Last 2009,  the Association of Friends of Integration together with the Administrative Office of the country organized a competition to find out which building “are best suited” for PWDs. Those that won were the Opera House in Wroclaw, the Town Hall in Dabrowa Gornicza, the Public Library in Koszalin, the Sport and Exhibition Hall in Gdynia, and the Cable Car to Kasprowy Wierch in Zakopane.

Then last May 9, 2013, the International Classification of Functioning, Disability and Health (ICF) launched a “crucial component” that would (1) ensure that PWDs are able to participate fully and effectively in society on an equal basis with others and (2) address and assess the needs of PWDs better.

A bill was filed in its Senate last April 18, 2014 “to boost welfare benefits for parents who leave their jobs to care for their disabled children.” The latter will receive $431 by 2016.

Social security in Poland includes insurances in retirement, disability, sickness, and accident. All employees in the country are covered by the compulsory pension and disability pension insurance. They may continue the insurance on a voluntary basis after it expires but not if they already have a title to another form of insurance.

Its surroundings are “user-friendly” to PWDs. Entrances to its establishments are stairless. Doorframes were regulated to be at least 80 cm wide so that a wheelchair can be taken inside a room. All sounds and alarms must be audible, all stairs must be rough, and all doors and signs must be lettered or numbered.

Tourism For All is a website that lists these attractions to PWDs based on the type of restrictions such as wheelchairs, prosthesis, or crutches. Another website does the same thing for the PWDs of the Kaszubian District.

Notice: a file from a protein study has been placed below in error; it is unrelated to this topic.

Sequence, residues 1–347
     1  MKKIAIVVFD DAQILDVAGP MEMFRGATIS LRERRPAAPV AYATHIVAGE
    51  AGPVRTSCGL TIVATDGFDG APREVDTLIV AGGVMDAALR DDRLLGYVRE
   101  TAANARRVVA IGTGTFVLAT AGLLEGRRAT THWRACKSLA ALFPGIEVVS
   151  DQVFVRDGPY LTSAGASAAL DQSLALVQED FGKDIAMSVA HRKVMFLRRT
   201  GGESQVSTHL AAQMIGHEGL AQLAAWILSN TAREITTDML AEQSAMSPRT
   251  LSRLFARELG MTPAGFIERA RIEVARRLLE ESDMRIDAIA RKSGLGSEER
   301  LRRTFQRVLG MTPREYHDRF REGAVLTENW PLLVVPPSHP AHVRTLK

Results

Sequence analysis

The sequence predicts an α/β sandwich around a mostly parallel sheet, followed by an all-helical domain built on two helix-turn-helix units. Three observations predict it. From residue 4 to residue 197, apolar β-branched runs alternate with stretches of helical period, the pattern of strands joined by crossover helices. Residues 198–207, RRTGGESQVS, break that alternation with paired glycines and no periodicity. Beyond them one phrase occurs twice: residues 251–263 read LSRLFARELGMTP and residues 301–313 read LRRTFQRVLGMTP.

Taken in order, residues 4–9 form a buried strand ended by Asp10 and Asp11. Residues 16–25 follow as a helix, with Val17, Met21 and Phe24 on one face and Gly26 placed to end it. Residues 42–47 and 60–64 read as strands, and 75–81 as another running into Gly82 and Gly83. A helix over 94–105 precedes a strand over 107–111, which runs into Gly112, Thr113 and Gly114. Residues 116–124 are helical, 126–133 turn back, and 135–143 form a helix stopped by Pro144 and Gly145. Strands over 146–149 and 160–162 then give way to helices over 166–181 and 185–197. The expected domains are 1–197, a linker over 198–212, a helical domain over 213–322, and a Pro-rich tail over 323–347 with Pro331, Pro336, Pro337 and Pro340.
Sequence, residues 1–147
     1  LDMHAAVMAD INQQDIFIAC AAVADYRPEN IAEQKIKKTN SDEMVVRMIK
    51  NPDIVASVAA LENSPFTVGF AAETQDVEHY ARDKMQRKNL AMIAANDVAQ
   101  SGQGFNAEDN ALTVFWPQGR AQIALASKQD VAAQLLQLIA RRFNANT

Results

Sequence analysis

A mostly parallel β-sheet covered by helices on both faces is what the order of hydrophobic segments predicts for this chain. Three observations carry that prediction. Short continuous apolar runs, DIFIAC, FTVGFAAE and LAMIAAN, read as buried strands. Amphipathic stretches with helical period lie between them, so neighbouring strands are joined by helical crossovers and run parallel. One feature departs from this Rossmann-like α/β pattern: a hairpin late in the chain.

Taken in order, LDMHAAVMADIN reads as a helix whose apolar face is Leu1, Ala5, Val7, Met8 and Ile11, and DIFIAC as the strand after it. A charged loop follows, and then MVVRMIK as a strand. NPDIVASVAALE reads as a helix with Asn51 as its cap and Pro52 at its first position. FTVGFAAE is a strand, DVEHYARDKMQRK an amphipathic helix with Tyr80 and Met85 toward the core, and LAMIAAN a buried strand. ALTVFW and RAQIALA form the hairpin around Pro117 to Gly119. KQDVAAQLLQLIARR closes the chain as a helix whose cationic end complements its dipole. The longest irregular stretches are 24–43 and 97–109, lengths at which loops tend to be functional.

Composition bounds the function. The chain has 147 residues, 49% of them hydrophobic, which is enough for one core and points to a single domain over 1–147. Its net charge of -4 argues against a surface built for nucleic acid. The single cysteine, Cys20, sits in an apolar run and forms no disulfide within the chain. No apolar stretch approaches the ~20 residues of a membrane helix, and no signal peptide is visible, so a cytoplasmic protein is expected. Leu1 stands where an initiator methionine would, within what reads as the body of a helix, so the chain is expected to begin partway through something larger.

Poland also has activation workshops, physical rehabilitation centres offering spa treatments, forms of active and passive recreation, and group bonding events. The gyms, fitness clubs, swimming pools, and water parks here offer discounts and special assistance. The Polish Association of Disability in Sports has the program “Start,” which aims to organize and develop the common physical culture, sport, the rehabilitation of movement, tourism and recreation for PWDs.

A travel agency in Krakow would organize excursions for PWDs to Europe. Wooden platforms have been laid in the beaches in Wladyslawowo, Cetniewo, Ustka, Sopot and Mielno. In Swinoujscie, Dziwnow, and Pobierowo, the descents to the beach are gentle so that PWDs can still move around.  In Rewa there is a pier for wheelchair users and Gdynia has a playground that includes a sandpit with raised edges and a swing in the form of a basket.